Oil and Gas Leasing:
Interior Could Do More to Encourage Diligent Development
GAO-09-74: Published: Oct 3, 2008. Publicly Released: Nov 3, 2008.
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In 2007, the Department of the Interior (Interior) collected about $10.5 billion in revenues from companies that hold federal oil and gas leases. Interior's Minerals Management Service manages offshore leases, while its Bureau of Land Management manages onshore leases and leases in the National Petroleum Reserve in Alaska. Acquiring a federal lease gives the lessee the rights to explore for and develop the oil and gas resources under the lease. Development entails many tasks, including drilling wells and building pipelines that may lead to oil and gas production. GAO agreed to (1)describe Interior's efforts to encourage development of federal oil and gas leases and compare them to states' and private landowners' efforts, (2)examine trends in leasing and factors that may affect development, and (3) describe development on a sample of leases. GAO reviewed data on about 55,000 leases and spoke to officials at Interior and in eight states with leasing experience, among others.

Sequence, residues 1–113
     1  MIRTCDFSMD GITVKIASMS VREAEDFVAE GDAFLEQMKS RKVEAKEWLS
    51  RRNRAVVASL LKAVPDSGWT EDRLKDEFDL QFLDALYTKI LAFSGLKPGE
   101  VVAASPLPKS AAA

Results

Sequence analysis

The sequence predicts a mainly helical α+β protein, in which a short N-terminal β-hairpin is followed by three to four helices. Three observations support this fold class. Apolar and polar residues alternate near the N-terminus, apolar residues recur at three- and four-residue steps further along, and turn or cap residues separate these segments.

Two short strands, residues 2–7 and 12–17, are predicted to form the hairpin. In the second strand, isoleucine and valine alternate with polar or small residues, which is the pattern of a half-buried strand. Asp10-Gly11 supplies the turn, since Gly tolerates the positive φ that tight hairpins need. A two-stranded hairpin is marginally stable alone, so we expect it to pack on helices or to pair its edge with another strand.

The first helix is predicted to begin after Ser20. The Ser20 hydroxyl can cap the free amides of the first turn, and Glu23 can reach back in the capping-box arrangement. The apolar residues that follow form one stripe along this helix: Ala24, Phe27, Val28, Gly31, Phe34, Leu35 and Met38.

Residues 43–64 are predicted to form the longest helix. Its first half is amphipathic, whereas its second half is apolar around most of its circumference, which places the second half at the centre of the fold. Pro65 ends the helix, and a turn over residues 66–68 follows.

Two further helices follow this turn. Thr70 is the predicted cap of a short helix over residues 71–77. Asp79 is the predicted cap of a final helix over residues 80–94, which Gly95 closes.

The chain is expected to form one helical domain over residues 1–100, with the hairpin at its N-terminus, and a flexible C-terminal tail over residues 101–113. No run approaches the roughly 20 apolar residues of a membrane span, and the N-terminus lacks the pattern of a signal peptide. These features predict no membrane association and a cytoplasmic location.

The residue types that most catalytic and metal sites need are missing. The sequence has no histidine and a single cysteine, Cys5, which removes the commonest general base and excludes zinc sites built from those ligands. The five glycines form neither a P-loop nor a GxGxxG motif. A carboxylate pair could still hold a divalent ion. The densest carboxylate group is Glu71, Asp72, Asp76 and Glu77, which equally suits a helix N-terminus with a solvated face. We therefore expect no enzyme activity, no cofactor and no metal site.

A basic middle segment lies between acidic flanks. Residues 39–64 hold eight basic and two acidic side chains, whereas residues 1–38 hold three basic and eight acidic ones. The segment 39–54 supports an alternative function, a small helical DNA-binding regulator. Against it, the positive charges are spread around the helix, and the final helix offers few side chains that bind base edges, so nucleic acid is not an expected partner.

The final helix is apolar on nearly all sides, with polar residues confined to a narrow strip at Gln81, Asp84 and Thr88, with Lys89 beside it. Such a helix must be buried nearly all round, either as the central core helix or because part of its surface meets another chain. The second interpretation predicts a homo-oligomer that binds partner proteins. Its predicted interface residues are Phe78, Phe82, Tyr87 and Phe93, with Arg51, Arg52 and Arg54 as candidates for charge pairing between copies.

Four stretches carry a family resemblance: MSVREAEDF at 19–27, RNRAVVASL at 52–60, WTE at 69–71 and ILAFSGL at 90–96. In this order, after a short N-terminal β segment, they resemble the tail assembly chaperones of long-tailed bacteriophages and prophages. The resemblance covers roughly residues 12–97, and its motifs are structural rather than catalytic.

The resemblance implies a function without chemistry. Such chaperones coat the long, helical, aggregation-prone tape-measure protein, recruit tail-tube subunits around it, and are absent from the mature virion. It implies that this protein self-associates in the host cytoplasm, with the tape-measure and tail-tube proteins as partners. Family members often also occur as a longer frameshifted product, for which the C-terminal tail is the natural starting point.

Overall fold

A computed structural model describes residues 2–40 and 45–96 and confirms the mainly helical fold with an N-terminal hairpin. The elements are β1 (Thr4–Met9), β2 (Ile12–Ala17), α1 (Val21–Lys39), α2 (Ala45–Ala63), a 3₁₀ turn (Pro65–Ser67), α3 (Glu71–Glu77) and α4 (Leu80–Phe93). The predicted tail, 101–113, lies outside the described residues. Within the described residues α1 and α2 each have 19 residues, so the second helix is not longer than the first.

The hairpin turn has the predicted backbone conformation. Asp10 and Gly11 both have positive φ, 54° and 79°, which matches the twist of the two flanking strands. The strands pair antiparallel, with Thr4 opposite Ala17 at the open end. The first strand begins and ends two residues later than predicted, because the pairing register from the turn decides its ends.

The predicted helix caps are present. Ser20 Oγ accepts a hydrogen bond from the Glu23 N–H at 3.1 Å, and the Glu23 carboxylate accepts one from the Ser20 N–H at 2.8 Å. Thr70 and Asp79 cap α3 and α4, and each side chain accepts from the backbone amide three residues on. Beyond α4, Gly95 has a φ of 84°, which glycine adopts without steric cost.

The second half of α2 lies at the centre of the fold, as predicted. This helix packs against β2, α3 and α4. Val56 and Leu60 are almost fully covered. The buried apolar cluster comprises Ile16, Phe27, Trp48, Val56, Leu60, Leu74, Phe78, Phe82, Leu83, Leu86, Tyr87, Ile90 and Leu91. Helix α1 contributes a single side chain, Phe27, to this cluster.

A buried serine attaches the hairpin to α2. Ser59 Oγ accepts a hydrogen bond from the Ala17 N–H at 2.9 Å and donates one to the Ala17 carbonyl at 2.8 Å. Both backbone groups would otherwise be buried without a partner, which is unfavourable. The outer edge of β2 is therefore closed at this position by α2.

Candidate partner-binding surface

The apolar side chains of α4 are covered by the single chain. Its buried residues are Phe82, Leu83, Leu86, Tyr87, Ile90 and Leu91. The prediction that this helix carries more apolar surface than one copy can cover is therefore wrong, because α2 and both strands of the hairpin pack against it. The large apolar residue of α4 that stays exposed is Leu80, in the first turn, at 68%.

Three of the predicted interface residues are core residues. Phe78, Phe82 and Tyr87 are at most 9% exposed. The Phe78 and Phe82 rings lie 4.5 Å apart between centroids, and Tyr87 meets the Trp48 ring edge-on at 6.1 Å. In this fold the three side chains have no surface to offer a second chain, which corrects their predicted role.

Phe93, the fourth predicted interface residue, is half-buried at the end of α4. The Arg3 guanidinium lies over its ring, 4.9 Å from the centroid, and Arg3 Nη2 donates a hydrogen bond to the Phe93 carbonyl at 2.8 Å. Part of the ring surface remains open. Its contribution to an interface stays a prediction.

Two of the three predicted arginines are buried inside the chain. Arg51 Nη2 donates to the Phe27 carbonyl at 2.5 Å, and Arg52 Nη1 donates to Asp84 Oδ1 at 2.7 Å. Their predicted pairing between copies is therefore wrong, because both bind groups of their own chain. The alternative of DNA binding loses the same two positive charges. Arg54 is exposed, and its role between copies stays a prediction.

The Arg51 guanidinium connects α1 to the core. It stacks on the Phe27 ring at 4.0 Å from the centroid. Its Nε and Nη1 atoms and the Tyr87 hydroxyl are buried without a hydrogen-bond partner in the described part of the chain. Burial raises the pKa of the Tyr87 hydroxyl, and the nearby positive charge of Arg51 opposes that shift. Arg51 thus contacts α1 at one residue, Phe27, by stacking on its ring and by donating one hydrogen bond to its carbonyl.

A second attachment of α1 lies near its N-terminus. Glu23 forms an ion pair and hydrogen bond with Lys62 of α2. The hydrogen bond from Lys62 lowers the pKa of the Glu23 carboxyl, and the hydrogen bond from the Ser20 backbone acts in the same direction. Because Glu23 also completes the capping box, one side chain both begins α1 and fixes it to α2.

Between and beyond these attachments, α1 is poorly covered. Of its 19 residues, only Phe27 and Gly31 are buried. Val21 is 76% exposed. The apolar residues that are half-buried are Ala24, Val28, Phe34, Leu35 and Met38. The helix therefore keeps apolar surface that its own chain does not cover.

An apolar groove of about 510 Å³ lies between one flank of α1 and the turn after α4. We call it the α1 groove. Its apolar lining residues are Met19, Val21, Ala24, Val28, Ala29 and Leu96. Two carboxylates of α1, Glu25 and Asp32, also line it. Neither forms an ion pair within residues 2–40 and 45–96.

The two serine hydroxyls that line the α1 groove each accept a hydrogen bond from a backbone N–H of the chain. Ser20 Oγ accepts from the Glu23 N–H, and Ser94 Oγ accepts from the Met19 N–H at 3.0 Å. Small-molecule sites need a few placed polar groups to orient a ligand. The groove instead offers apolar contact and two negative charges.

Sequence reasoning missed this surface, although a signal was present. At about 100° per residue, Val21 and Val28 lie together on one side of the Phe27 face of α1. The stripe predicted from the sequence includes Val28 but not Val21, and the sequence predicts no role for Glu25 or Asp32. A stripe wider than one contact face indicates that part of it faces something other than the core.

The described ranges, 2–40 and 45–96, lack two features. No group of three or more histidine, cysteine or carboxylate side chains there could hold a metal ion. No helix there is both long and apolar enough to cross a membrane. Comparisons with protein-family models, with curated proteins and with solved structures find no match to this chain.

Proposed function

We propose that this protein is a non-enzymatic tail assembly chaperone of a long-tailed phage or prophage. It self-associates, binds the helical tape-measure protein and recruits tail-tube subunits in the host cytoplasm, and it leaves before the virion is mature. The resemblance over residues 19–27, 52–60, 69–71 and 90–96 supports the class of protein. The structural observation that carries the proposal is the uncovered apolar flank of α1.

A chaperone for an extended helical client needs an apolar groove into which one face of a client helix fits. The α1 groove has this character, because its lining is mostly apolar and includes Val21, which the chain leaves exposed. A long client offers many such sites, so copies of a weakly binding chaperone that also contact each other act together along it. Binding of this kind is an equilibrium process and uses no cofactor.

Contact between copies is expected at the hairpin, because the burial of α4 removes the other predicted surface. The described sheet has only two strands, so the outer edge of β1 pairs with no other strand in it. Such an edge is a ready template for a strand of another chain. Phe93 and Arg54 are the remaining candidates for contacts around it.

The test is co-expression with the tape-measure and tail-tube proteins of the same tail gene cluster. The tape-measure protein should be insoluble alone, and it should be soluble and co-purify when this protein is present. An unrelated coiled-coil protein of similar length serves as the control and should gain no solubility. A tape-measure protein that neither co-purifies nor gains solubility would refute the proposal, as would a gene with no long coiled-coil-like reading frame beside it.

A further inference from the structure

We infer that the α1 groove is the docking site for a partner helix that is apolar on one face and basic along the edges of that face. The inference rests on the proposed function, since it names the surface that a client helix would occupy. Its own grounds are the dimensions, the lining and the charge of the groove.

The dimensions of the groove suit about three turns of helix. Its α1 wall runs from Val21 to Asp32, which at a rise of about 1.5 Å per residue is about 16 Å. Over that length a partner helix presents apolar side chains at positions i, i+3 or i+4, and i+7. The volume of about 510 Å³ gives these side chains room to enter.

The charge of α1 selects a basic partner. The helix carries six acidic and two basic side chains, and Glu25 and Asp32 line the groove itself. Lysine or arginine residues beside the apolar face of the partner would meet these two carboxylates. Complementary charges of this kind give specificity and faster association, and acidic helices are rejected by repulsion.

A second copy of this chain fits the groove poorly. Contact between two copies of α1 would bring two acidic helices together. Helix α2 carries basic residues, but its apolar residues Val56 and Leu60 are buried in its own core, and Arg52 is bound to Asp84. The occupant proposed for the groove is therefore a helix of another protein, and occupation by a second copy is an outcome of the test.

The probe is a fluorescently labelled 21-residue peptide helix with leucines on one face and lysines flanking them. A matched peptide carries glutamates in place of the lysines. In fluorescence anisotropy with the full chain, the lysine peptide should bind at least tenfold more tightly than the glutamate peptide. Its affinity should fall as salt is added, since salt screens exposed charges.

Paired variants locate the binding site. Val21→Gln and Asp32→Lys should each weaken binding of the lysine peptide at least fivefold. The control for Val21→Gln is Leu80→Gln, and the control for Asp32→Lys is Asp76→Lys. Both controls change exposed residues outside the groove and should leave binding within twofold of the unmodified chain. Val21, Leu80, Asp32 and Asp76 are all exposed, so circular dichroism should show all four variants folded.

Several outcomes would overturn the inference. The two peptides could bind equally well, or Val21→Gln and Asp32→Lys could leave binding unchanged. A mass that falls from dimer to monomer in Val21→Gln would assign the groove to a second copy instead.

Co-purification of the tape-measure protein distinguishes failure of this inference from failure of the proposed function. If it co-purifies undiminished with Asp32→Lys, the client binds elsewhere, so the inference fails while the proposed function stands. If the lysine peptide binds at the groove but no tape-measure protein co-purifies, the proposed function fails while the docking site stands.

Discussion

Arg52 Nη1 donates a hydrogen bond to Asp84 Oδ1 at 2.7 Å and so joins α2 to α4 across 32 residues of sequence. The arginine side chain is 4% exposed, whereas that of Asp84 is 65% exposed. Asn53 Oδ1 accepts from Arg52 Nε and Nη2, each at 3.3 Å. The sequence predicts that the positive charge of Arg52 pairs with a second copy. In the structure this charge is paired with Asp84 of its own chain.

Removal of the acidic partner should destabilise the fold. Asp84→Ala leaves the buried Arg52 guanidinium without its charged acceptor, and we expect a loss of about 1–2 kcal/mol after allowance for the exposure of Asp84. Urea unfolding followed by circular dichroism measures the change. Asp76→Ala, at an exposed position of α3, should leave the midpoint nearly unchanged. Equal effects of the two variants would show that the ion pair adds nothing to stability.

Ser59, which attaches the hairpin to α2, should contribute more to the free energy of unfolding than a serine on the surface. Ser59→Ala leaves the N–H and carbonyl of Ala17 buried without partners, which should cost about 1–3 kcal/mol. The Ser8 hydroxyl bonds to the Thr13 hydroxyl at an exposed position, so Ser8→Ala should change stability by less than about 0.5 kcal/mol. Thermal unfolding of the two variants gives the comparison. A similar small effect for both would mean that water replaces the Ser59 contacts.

Interior does less to encourage development of federal oil and gas leases than some state and private landowners. Interior officials cited one lease provision that may encourage development--escalating rental rates. For example, the rental rates for 10-year onshore federal leases increase from $1.50 per acre per year for the first 5 years to $2 per acre per year for the next 5 years. Compared to Interior, the eight states we reviewed undertook more efforts to encourage development on their oil and gas leases, using increasing rental rates as well as shorter lease terms and escalating royalty rates. Some states also do more than Interior to structure leases to reflect the likelihood of oil and gas production, which may encourage faster development. Specifically, while Interior uses varying lengths for offshore leases, with deeper waters receiving longer lease terms, this provision is not explicitly related to the expected productivity of the lease. On the other hand, five of the states that GAO reviewed--Alaska, Louisiana, Montana, New Mexico, and Texas--vary lease lengths or royalty rates to reflect the likelihood that the lease will produce. GAO also found that private landowners have used various leasing methods to encourage faster development, including lease terms as short as 6 months. Over the past 20 years, the total number of oil and gas leases Interior issued has varied each year but generally increased in recent years, as has the amount of development activity, and industry officials told GAO that a range of factors influence their decisions to acquire and develop leases. The number of offshore leases issued annually from 1987 through 2006 had two large peaks--in 1988 and 1997--and has generally been increasing since 1999. Onshore leases peaked in 1988 and then declined until about 1992, remaining at these lower levels until about 2003 when they increased, coinciding with rising oil and historically higher natural gas prices. Drilling and production activity on federal leases has been higher over the last 10 years than from 1987 through 1996, but the increase has been more dramatic for onshore leases. Industry officials told GAO that several factors influence their decisions to acquire and develop federal oil and gas leases, including oil and gas prices; the availability and cost of equipment; the geology of the land underlying the lease; and regulatory issues, such as limitations on when drilling can occur. GAO's review of data on about 55,000 offshore and onshore federal leases issued from 1987 through 1996--those that have exceeded their primary 10-year lease terms--identified three key findings regarding development. First, development occurred on about 26 percent of offshore and 6 percent of onshore leases issued during the sample period. Production was less frequent, with about 12 percent of offshore leases and 5 percent of onshore leases ultimately achieving production. Second, shorter leases were generally developed more quickly than longer leases, but not as frequently during the term of the lease. Finally, for those leases that eventually produced oil or gas a substantial amount of the initial drilling activity--about 25 percent onshore-took place after the scheduled expiration of the lease, following a lease extension.